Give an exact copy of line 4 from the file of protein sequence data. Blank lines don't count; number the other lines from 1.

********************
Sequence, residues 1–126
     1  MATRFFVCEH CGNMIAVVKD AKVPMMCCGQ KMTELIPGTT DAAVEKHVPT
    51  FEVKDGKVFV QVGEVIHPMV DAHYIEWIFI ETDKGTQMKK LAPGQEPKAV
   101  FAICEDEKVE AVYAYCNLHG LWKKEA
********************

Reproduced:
   101  FAICEDEKVE AVYAYCNLHG LWKKEA